Two different meanings of “minority” in the United States
President Donald Trump’s ban on refugees and immigrants from seven Muslim-majority countries immediately ignited protests across the United States. Thousands gathered outside the White House, in New York, in Chicago, and in other cities across the nation. On February 16, businesses closed, students skipped school, and immigrants were encouraged not to shop in support of the social-media-led protest called “A Day Without Immigrants.”
Seven days later, on February 23, in the freezing North Dakota winter, another protest was ended. Law enforcement in riot gear entered the Oceti Sakowin camp, and supported by Humvees, cleared the largest of several camps on the edge of Standing Rock Sioux Reservation. Protesters had been living on this land for months in support of the members of the Standing Rock Sioux. After enduring pepper spray, tear gas, rubber bullets, German Shepards and water hoses, reminiscent of attacks against children protesting segregation in Birmingham, Alabama, in 1963, the last of the Dakota Access pipeline opponents abandoned their protest camp after almost a year. The Standing Rock Sioux joined by members of 200 indigenous tribes, environmentalists, clergy, military veterans and others were protesting the Dakota Access pipeline which would be built beneath the primary water supply of several tribal communities, endangering it and desecrate sacred burial sites.
These two protests create a space to discuss the different relationships that minority groups in the United States have with the ruling majority. The late anthropologist, Professor John Ogbu, utilized a tripartite organizing framework to describe minority groups in the American social system. This framework was based upon the majority-minority relationship. The “autonomous” minorities; i.e., Mormons, Jews, Amish, may be subject to some prejudice and discrimination but the relationship with the dominant group is not characterized by rigid stratification; these groups are not perceived to be innately inferior. The second group, for whose rights many progressives are fighting to protect are “voluntary” minorities; i.e., immigrants and refugees. This group voluntarily moves to the United States to improve their economic, political or social position relative to the position in their homeland. Certain groups of voluntary immigrants -- Cuban refugees -- serve United States political interests.
The minority groups lowest on the social rung in the United States are considered “caste” or “involuntary” minorities. Among this group are African Americans, Native Americans, Mexican Americans, Puerto Rican Americans, Pacific Islanders. This group of minorities has a legacy of having been enslaved, conquered, or colonized. They have involuntarily been incorporated into American society as subordinate groups whose position in the society is established by law or custom such as Jim Crow segregation. What most distinguishes this group of minorities from the others is that they are regarded as inherently inferior by the dominant group in all respects: biological, cultural and intellectual. They have been stigmatized and excluded based upon stereotypical and negative images that are culturally conditioned in the American mind.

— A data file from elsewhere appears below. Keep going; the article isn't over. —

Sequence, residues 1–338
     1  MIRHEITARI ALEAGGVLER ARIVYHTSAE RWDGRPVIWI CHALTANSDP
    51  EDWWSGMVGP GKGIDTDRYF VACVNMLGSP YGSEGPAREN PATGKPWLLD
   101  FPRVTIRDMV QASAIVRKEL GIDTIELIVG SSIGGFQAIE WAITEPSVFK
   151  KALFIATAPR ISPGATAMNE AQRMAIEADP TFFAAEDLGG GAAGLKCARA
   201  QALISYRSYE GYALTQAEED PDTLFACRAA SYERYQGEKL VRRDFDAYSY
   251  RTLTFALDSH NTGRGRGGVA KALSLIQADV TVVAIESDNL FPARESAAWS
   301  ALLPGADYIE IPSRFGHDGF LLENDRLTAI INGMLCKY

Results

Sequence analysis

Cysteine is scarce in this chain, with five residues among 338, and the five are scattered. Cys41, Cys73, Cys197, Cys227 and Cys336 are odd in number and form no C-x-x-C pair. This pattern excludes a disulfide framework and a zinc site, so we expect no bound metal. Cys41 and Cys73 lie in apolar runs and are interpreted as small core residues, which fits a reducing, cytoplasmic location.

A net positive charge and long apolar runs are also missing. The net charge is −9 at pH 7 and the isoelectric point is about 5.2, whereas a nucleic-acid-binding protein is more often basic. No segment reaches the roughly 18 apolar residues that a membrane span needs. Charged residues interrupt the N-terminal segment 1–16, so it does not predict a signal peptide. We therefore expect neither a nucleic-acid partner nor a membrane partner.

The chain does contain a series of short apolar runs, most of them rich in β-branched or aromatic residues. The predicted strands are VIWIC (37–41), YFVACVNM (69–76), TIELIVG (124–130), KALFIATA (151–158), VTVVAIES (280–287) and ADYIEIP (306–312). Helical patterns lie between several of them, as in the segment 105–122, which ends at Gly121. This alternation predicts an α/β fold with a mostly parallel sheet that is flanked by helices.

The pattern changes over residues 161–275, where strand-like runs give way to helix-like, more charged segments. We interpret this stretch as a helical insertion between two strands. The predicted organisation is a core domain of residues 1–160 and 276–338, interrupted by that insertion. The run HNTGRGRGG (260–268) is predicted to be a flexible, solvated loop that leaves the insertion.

The current wave of protests to protect the rights of immigrants allows the adherence to progressive values while not having to deal with the values that form and perpetuate the racial caste system that exists in the United States. Protesters are beside themselves with outrage over the treatment of its new immigrants, but when it comes to the plight of its caste minorities, their passion and zeal for justice seems to dissipate. Placards and signs carried by protesters carry messages like “Standing strong to support and protect All of the people” and “This is racism.” Does this outrage extend to the environmental racism being directed toward the Standing Rock Sioux or the killing and disproportionate incarceration of African American men? While the author supports the protection of immigrant rights, two messages, “America was built by refugees,” and “Immigrants made America great,” must be addressed. Immigrants certainly have helped to make America a great nation; however, for close to 300 years, the unpaid labor of African slaves on stolen Native American land financed the Industrial Revolution, most of the Fortune 500 companies and helped to establish the United States as a world economic power.
Will the anger and outrage that fueled the protests to protect the rights of immigrants and voluntary minorities extend to America’s involuntary caste minorities? Will the same moral indignation inspire the dissolution of the American racial caste system? Is this a reaction to President Trump or the beginning of a commitment to require America to live up to her democratic principles? Will progressives and other good Americans use this as an opportunity to finally make America support and protect ALL her people?